12. Kunkel, Robert A. & Compton, William S. & Beyer, Scott, 2003. "The turn-of-the-month effect still lives: the international evidence," International Review of Financial Analysis, Elsevier, vol. 12(2), pages 207-221.
    13. Lakonishok, Josef & Maberly, Edwin, 1990. " The Weekend Effect: Trading Patterns of Individual and Institutional Investors," Journal of Finance, American Finance Association, vol. 45(1), pages 231-43, March.
    14. Ariel, Robert A, 1990. " High Stock Returns before Holidays: Existence and Evidence on Possible Causes," Journal of Finance, American Finance Association, vol. 45(5), pages 1611-26, December.
    15. Madureira, Leonardo L. & Leal, Ricardo P. C., 2001. "Elusive anomalies in the Brazilian stock market," International Review of Financial Analysis, Elsevier, vol. 10(2), pages 123-134.
    16. Branch, Ben, 1977. "A Tax Loss Trading Rule," The Journal of Business, University of Chicago Press, vol. 50(2), pages 198-207, April.
    17. Stoll, Hans R. & Whaley, Robert E., 1983. "Transaction costs and the small firm effect," Journal of Financial Economics, Elsevier, vol. 12(1), pages 57-79, June.
    18. Aggarwal, Reena & Rivoli, Pietra, 1989. "Seasonal and Day-of-the-Week Effects in Four Emerging Stock Markets," The Financial Review, Eastern Finance Association, vol. 24(4), pages 541-50, November.
    19. Brown, Philip & Kleidon, Allan W. & Marsh, Terry A., 1983. "New evidence on the nature of size-related anomalies in stock prices," Journal of Financial Economics, Elsevier, vol. 12(1), pages 33-56, June.
    20. Pettengill, Glenn N, 1989. "Holiday Closings and Security Returns," Journal of Financial Research, Southern Finance Association;Southwestern Finance Association, vol. 12(1), pages 57-67, Spring.
    21. Ritter, Jay R, 1988. " The Buying and Selling Behavior of Individual Investors at the Turn of the Year," Journal of Finance, American Finance Association, vol. 43(3), pages 701-17, July.
    22. Kim, Chan-Wung & Park, Jinwoo, 1994. "Holiday Effects and Stock Returns: Further Evidence," Journal of Financial and Quantitative Analysis, Cambridge University Press, vol. 29(01), pages 145-157, March.
    23. Wilson Tong, 2000. "International Evidence On Weekend Anomalies," Journal of Financial Research, Southern Finance Association;Southwestern Finance Association, vol. 23(4), pages 495-522, December.
    24. Chang, Eric C. & Pinegar, J. Michael & Ravichandran, R., 1993. "International Evidence on the Robustness of the Day-of-the-Week Effect," Journal of Financial and Quantitative Analysis, Cambridge University Press, vol. 28(04), pages 497-513, December.
    25. Sidney B. Wachtel, 1942. "Certain Observations on Seasonal Movements in Stock Prices," The Journal of Business, University of Chicago Press, vol. 15, pages 184.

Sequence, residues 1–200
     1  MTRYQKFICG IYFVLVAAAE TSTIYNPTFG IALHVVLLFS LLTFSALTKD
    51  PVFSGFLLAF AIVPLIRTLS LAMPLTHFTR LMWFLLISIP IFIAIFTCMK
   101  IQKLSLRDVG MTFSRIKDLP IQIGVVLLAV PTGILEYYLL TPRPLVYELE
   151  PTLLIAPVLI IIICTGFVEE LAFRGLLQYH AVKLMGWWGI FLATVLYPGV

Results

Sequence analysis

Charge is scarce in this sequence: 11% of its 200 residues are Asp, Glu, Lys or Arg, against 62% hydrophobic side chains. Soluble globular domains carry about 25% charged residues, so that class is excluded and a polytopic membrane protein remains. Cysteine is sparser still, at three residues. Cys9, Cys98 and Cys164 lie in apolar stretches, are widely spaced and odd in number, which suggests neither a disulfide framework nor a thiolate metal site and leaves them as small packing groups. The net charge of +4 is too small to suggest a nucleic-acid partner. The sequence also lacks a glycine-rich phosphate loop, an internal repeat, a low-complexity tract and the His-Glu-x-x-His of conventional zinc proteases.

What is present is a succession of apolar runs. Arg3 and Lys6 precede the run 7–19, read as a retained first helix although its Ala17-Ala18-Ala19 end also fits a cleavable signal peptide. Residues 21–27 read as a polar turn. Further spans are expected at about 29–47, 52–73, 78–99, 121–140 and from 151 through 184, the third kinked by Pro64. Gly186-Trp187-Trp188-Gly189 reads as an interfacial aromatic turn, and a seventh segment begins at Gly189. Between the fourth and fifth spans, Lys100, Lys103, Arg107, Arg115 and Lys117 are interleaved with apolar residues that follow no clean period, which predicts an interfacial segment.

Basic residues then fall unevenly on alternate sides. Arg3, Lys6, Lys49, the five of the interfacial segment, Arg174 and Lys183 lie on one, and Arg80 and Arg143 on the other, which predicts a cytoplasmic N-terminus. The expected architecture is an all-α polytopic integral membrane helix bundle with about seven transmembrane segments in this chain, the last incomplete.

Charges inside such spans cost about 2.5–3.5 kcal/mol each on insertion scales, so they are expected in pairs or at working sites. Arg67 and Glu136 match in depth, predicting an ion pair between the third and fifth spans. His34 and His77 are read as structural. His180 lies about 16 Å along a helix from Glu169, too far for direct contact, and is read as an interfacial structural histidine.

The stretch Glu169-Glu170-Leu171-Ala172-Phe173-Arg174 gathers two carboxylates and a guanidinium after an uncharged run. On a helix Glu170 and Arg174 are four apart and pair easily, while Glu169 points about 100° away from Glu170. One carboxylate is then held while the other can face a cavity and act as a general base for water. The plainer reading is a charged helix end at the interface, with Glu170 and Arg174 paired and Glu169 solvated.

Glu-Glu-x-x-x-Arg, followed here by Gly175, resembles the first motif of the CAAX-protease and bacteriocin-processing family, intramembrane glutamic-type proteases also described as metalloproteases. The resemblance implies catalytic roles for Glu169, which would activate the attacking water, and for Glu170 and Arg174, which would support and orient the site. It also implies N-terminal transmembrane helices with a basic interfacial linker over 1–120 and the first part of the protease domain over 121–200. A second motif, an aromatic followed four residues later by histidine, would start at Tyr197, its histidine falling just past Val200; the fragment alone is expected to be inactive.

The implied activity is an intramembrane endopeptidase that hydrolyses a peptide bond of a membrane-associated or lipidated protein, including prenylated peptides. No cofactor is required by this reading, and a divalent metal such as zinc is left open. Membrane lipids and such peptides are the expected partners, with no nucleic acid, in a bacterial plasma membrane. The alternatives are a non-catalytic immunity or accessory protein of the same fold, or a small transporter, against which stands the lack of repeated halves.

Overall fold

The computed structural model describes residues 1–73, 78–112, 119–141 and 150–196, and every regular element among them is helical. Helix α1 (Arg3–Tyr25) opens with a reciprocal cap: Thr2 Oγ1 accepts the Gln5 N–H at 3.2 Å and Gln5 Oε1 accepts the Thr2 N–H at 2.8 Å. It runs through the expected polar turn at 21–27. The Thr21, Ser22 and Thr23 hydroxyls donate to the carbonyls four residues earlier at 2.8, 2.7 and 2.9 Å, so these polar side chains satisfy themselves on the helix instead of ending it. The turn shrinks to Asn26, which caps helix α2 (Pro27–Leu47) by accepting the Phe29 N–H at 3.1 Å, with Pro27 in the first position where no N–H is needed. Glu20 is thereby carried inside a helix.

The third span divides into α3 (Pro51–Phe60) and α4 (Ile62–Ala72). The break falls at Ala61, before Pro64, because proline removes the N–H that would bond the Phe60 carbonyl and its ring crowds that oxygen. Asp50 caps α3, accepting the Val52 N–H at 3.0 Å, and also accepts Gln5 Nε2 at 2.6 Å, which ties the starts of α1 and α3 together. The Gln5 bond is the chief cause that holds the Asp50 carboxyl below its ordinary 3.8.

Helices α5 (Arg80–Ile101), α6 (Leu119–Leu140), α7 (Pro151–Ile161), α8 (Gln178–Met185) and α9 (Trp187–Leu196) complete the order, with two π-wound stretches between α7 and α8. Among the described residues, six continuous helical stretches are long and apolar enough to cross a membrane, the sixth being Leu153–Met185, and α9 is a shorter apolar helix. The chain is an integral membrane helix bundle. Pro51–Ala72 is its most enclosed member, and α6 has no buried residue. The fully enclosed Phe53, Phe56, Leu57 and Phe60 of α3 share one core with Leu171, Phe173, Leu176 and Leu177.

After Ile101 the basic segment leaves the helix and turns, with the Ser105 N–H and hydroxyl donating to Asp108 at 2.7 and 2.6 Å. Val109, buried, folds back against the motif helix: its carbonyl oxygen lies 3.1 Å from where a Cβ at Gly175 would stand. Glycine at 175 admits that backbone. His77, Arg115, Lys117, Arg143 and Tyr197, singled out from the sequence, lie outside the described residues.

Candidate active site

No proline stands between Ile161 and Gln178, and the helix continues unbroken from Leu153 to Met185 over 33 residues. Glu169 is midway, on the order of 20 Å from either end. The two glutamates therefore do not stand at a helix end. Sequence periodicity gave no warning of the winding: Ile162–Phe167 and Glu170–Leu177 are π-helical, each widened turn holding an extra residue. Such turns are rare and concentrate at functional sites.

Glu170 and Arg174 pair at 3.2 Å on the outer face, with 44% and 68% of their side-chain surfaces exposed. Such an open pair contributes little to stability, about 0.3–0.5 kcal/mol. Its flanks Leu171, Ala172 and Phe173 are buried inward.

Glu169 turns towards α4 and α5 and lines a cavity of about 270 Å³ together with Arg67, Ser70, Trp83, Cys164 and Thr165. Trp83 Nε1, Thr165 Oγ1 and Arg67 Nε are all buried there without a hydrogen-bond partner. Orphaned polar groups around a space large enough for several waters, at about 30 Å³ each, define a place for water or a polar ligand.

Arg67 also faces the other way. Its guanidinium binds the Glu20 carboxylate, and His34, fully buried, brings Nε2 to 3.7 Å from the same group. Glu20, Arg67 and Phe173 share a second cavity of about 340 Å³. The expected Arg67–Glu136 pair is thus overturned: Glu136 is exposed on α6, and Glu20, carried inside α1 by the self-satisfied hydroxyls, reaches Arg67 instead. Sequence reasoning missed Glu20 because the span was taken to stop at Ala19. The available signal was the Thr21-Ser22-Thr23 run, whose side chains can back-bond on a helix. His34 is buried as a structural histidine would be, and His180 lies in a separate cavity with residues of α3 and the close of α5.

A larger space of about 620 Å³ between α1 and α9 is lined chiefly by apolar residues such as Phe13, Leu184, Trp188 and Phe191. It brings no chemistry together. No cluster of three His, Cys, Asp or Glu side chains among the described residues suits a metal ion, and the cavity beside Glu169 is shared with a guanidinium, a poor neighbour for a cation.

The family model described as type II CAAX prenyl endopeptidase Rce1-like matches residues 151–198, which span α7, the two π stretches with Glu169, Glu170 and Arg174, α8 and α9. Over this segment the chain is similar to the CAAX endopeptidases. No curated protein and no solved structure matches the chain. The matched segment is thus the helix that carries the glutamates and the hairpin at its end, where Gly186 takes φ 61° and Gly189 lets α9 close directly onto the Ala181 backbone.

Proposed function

26. French, Kenneth R., 1980. "Stock returns and the weekend effect," Journal of Financial Economics, Elsevier, vol. 8(1), pages 55-69, March.
    Full references (including those not matched with items on IDEAS)

    This item is not listed on Wikipedia, on a reading list or among the top items on IDEAS.

    When requesting a correction, please mention this item's handle: RePEc:eee:finana:v:19:y:2010:i:4:p:306-312. See general information about how to correct material in RePEc.

    For technical questions regarding this item, or to correct its authors, title, abstract, bibliographic or download information, contact: (Zhang, Lei)

    If you have authored this item and are not yet registered with RePEc, we encourage you to do it here. This allows to link your profile to this item. It also allows you to accept potential citations to this item that we are uncertain about.

    If references are entirely missing, you can add them using this form.

    If the full references list an item that is present in RePEc, but the system did not link to it, you can help with this form.

    If you know of missing items citing this one, you can help us creating those links by adding the relevant references in the same way as above, for each refering item. If you are a registered author of this item, you may also want to check the "citations" tab in your profile, as there may be some citations waiting for confirmation.

    Please note that corrections may take a couple of weeks to filter through the various RePEc services.

    This information is provided to you by IDEAS at the Research Division of the Federal Reserve Bank of St. Louis using RePEc data.